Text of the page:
• We are sorry, but NCBI web applications do not support your browser and may not function properly. More information
Logo of narLink to Publisher's site
Nucleic Acids Res. Jun 2007; 35(12): 4154–4163.
Published online Jun 12, 2007. doi:  10.1093/nar/gkm348
PMCID: PMC1919478

Explaining differences in saturation levels for Affymetrix GeneChip® arrays

Abstract

The experimental spike-in studies of microarray hybridization conducted by Affymetrix demonstrate a nonlinear response of fluorescence intensity signal to target concentration. Several theoretical models have been put forward to explain these data. It was shown that the Langmuir adsorption isotherm recapitulates a general trend of signal response to concentration. However, this model fails to explain some key properties of the observed signal. In particular, according to the simple Langmuir isotherm, all probes should saturate at the same intensity level. However, this effect was not observed in the publicly available Affymetrix spike-in data sets. On the contrary, it was found that the saturation intensities vary greatly and can be predicted based on the probe sequence composition. In our experimental study, we attempt to account for the unexplained variation in the observed probe intensities using customized fluidics scripts. We explore experimentally the effect of the stringent wash, target concentration and hybridization time on the final microarray signal. The washing effect is assessed by scanning chips both prior to and after the stringent wash. Selective labeling of both specific and non-specific targets allows the visualization and investigation of the washing effect for both specific and non-specific signal components. We propose a new qualitative model of the probe-target hybridization mechanism that is in agreement with observed hybridization and washing properties of short oligonucleotide microarrays. This study demonstrates that desorption of incompletely bound targets during the washing cycle contributes to the observed difference in saturation levels.

INTRODUCTION

DNA microarrays are versatile tools that allow the massively parallel study of gene expression. Microarray applications rely on the specificity of target-probe binding, when cRNAs form stable duplexes with complimentary surface-attached DNA probes. The availability of the Affymetrix spike-in study (1) has led to a significant effort in exploring the relationship between concentration and microarray signal (2–4). Visual examination of the signal response to concentration in the spike-in data set reveals a nonlinear relationship between transcript abundance and signal; see Figure 1. A simple derivation of the microarray hybridization isotherm is possible by equating the rates of hybridization and denaturation at the surface, and leads to the equation known as the Langmuir adsorption isotherm:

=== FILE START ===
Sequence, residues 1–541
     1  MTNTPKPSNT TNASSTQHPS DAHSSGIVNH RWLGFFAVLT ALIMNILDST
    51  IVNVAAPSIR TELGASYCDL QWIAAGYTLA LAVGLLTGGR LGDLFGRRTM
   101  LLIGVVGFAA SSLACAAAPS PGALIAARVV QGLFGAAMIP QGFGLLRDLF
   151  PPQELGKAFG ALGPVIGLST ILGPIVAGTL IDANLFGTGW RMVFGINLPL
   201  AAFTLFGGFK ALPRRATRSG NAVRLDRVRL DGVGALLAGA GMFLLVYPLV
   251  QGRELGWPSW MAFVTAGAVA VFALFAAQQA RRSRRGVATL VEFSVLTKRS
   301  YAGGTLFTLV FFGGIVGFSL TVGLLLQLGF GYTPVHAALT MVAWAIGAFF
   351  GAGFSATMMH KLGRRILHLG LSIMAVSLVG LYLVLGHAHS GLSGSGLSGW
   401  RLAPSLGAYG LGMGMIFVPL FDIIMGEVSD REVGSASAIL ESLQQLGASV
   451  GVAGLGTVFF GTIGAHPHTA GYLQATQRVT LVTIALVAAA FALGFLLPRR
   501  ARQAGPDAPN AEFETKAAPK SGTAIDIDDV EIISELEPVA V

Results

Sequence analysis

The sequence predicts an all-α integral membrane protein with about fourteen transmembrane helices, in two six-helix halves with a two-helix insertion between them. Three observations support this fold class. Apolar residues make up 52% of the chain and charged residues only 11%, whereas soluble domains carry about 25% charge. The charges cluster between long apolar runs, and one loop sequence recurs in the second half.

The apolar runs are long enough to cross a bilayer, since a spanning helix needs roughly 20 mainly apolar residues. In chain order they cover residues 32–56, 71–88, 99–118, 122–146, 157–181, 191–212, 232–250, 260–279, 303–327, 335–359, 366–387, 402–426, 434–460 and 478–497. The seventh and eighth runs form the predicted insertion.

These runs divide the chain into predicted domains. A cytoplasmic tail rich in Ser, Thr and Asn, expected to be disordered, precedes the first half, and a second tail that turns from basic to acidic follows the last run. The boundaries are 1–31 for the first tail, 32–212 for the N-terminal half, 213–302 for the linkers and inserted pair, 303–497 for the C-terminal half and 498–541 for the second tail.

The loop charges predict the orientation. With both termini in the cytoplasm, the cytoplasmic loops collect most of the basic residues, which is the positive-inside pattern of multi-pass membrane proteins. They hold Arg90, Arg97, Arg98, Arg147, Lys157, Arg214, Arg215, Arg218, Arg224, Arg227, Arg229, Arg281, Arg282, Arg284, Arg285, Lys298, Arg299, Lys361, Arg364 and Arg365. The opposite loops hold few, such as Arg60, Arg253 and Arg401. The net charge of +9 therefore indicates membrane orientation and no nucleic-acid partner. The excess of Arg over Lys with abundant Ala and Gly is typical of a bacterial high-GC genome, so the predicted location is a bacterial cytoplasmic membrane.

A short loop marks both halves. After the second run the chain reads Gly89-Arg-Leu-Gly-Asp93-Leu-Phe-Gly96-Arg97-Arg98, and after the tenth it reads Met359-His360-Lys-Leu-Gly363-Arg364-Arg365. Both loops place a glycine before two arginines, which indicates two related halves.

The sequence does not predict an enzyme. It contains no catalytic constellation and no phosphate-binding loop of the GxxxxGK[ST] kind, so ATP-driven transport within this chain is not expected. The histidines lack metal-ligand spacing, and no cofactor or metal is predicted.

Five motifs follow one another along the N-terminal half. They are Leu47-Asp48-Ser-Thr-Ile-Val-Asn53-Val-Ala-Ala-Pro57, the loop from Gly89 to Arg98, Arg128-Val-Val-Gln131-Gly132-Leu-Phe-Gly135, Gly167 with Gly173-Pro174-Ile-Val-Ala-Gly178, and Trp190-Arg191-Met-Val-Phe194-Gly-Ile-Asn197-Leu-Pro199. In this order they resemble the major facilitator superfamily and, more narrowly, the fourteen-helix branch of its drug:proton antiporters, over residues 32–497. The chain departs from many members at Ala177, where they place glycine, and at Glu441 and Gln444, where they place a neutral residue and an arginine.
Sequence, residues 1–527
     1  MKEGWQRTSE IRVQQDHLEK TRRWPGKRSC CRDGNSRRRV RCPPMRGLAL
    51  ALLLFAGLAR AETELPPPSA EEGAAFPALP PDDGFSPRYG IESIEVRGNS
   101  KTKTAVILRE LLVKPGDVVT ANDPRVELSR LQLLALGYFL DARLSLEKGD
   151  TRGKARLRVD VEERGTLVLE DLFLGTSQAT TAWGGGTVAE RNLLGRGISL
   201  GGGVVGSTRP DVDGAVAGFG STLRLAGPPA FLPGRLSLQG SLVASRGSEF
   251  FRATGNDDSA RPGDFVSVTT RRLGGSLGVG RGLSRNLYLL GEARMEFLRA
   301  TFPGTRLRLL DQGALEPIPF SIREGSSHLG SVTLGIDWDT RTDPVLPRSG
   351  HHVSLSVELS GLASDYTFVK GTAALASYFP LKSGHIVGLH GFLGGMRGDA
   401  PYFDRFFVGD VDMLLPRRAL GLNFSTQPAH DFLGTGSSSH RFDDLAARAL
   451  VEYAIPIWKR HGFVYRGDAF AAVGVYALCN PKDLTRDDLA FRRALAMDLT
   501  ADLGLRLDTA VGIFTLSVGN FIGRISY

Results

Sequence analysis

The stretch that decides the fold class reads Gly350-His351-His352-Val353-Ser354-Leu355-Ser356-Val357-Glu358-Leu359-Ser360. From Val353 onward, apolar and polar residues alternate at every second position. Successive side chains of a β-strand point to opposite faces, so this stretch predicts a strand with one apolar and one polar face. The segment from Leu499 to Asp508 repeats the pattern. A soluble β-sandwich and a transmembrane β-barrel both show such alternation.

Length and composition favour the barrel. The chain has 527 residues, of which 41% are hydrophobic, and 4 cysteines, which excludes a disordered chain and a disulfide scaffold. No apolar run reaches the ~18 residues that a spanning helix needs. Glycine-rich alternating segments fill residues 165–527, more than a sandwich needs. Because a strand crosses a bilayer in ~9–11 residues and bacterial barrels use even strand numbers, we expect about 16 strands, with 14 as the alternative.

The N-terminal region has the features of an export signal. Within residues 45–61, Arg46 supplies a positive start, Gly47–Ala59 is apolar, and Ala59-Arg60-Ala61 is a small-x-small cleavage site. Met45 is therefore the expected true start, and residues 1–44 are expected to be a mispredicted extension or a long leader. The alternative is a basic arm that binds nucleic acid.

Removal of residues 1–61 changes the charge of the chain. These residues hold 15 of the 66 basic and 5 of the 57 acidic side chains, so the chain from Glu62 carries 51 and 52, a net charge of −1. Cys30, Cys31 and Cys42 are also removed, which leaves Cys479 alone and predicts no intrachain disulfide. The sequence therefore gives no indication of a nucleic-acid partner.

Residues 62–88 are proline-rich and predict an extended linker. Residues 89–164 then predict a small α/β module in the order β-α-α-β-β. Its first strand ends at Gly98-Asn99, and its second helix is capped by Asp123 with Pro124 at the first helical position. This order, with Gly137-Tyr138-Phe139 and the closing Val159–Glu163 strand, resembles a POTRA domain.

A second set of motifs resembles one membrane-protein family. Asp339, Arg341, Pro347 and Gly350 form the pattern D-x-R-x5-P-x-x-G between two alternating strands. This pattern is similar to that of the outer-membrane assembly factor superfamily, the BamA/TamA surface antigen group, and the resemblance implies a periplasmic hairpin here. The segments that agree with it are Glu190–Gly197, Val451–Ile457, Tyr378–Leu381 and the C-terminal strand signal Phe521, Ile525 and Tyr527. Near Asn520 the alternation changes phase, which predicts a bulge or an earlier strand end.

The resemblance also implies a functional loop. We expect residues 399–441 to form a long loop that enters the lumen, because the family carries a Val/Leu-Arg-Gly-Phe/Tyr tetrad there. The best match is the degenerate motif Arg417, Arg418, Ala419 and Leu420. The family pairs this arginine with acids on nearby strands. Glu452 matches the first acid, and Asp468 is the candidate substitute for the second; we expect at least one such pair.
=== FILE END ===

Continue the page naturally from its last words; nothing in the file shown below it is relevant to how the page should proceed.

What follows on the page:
equation image
1

where [C] is the number of bound DNA/RNA complexes, [O0] is the total number of immobilized oligonucleotides, [R] is concentration of RNA targets and K is the equilibrium constant given by Arrhenius’ formula K = A × eΔ G/RT; where A is a constant pre-factor, ΔG is Gibbs’ free energy of duplex formation, R is the Boltzmann gas constant, and T is absolute temperature. Equation (1) is based on a simple physical ‘on/off ’ model that likely deviates from the complex process of microarray hybridization—herein we refer to this as the simple Langmuir model.

Figure 1.
Adsorption isotherms observed for Affymetrix microarrays. The observed adsorption isotherms (signal intensity versus target concentration) for Affymetrix microarrays exhibit different saturation intensities on both the log2 (left panel) and natural (right ...

It has been shown that the Langmuir adsorption isotherm captures the shape of GeneChip® hybridization (3,5,6). According to the simple Langmuir model, signal response to concentration should saturate at the same level for all probes. However, as shown in Figure 1, it is apparent that amongst different probes, there is up to a 30-fold difference in saturation levels and variation in these levels was found to correlate with probe sequences (7,8).

Fitting the signal-versus-concentration curves into the Langmuir isotherm equation revealed that the equilibrium constant, K, does not exhibit strong dependence on the probe sequence as predicted by the simple Langmuir model (5,7). On the contrary, although the nature of the observed saturation range was not addressed experimentally, the saturation levels themselves were successfully predicted by fitting the log2 saturation intensities to the sum of position-dependent nearest-neighbor stacking energy parameters (4,9). Several hypotheses have been proposed to explain the discrepancies between the simple adsorption model and the observed signal behavior.